Tuesday, September 11, 2007

Humboldt Co, CA Said No To Corporate Personhood

In 2006 Humboldt Co passed Measure T, which bans non-local corporations from participating in local elections and further denies that the artificial entity "corporation" has a claim to First Amendment Free Speech. Well, I'd like to know how I missed it until now. My tip off came from AlterNet and Loaded Orygun and I won't mess about with their work.

I have long wondered how exactly it came about that the fictional entity status of corporations designed to allow them to enter into contracts and participate in the legal arena morphed into the concept of personhood. I suppose if I had time (and a real driving curiosity) I could dig into the SCOTUS and find what they claimed, but philosophically I'm a bit conflicted.

Now I run an S Corp, which has about as much relationship to MicroSoft as the stone in your yard does to the moon, but I have to understand what it is that I own. Mostly that's to stay out of Court and to know what my accountant needs for what. What I own is a paper thing that can make contracts, pay bills, own stuff, and sue or be sued - which leaves me (mostly) personally out of that fray and I enjoy certain tax benefits. Now I certainly don't view that S Corp as more than a business convenience. The S Corp exists because the State allows it to through a registration and a fulfillment of certain requirements, it is a creature of the State. It was born of paper and ink and exists only in that realm. It has certain assets and individual/s involved in ownership but it certainly has no blood or thinking processes of its own. How it qualifies for the natural right to freedom of speech is beyond me, it is a wholly artificial construct.

I suppose that the crunch comes when people band together to create a political activism construct and begin to put together an infrastructure. A speech organization with property has to have some mechanism to own it, pay bills, and possibly enter into legal activities, and that is what a corporation is about, allowing a multiply held construct to engage as a singular entity. Having 1o,000 members sign a check would be rather troublesome and a contract with all those signatures might be a bit unwieldy. Most of the "free press" are corporations.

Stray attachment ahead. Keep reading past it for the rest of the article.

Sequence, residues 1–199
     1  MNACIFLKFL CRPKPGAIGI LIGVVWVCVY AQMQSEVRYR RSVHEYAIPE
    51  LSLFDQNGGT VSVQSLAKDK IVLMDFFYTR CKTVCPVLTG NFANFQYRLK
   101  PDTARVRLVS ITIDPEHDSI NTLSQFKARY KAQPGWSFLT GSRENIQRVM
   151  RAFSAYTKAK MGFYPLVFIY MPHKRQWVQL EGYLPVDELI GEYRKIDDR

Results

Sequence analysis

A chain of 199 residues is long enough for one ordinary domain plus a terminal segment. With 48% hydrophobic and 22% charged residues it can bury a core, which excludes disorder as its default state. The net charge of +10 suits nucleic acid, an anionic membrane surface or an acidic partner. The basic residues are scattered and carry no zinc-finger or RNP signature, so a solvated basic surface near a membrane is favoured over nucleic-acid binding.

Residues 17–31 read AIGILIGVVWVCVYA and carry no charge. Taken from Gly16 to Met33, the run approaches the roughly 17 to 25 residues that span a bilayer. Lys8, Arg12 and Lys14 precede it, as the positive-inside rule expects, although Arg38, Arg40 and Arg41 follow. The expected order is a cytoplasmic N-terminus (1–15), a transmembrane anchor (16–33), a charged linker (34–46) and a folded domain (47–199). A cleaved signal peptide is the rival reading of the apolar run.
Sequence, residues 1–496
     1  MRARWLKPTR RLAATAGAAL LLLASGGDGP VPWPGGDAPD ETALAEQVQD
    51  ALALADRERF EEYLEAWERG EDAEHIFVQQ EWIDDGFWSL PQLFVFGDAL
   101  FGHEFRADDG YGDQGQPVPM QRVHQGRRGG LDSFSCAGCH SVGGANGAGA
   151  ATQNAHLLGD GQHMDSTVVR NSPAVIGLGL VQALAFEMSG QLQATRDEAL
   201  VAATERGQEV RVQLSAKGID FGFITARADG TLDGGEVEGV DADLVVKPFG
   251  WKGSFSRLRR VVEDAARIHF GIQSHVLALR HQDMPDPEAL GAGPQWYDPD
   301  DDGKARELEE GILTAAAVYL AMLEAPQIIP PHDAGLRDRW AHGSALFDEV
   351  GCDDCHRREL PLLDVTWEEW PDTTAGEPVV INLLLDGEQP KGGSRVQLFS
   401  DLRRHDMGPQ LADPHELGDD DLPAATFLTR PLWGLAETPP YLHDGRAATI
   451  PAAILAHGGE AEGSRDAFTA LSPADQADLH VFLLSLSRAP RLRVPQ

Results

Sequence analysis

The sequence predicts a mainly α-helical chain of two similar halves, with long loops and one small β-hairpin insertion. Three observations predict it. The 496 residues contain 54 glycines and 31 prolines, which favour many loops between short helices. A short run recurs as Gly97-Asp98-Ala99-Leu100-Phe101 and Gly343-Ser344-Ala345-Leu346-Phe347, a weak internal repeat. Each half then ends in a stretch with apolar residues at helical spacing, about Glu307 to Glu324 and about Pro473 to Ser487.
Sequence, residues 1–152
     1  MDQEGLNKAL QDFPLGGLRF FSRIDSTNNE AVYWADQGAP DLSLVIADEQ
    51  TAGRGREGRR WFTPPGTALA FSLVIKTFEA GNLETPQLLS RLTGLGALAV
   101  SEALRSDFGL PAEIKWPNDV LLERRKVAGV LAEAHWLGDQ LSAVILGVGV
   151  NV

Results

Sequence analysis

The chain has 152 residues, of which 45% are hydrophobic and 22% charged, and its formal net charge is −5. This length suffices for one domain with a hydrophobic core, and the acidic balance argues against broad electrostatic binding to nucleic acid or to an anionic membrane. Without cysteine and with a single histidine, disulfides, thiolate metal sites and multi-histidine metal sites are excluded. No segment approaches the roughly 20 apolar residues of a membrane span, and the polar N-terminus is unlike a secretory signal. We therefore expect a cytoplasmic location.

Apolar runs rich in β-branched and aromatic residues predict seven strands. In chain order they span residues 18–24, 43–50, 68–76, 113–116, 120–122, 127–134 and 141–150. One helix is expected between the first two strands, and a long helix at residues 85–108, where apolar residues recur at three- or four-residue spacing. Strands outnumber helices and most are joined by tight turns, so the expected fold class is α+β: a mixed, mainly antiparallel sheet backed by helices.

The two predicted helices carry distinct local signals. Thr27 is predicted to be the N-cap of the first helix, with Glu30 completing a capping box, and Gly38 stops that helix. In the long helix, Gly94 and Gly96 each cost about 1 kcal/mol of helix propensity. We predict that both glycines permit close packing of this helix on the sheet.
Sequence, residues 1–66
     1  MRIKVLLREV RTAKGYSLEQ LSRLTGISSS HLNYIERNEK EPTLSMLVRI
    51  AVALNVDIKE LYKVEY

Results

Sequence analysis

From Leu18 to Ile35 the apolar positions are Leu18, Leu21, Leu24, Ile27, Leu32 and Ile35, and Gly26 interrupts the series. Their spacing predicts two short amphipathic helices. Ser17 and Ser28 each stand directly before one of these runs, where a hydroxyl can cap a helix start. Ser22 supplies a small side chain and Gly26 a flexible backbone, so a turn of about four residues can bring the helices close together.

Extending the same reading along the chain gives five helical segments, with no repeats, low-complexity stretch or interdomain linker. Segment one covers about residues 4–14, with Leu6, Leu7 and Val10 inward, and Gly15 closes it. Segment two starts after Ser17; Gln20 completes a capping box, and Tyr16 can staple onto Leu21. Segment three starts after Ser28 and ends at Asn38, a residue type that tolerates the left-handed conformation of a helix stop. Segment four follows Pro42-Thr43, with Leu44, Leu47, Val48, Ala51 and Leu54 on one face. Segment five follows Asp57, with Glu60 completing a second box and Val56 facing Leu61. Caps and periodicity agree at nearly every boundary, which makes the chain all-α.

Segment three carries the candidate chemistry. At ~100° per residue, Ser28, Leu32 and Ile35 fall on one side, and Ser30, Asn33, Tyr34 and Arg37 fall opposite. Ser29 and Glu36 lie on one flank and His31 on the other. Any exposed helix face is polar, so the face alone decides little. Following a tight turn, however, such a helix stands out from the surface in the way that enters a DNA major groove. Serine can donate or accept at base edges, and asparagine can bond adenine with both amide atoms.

Hmmm. I wonder what you have to say? I'm kind of stuck on this one.

5 comments:

Fred said...

Humboldt County's Measure T was simply an attempt by those on the Left to try and control political activity by businesses. Unions, even from outside the county (assuming they had at least one member living in county), weren't affected by Measure T.

KISS said...

Keeping outside money from decaying local politics was the intent of measure T. Look to Sam, the scam, to benefit from outside corp.[ possibly from tram, rail and trolley car manufactures] money in his bid for mayor. Same goes for union money. Thank a well paid supreme court for the "money equates to free speech"crap.

Chuck Butcher said...

I understand the thrust of Huboldt's "T" but I wonder about the fallout if taken farther. That is what my question is about. I'm taking no stand on this, mainly because I do not know where it would go.

dartagnan said...

Only real people should be allowed to contribute to candidates or PACs, just as only real people are allowed to vote.

It's that simple.

Chuck Butcher said...

I understand your position and tend toward agreement, but what do you do with NARAL or MoveOn or NRA? The specific purpose of such organizations, non-profit Corps is to engage in political advocacy. The have the same business problems that all Corps do, a need to write checks for bills and have an entity responsible for their actions.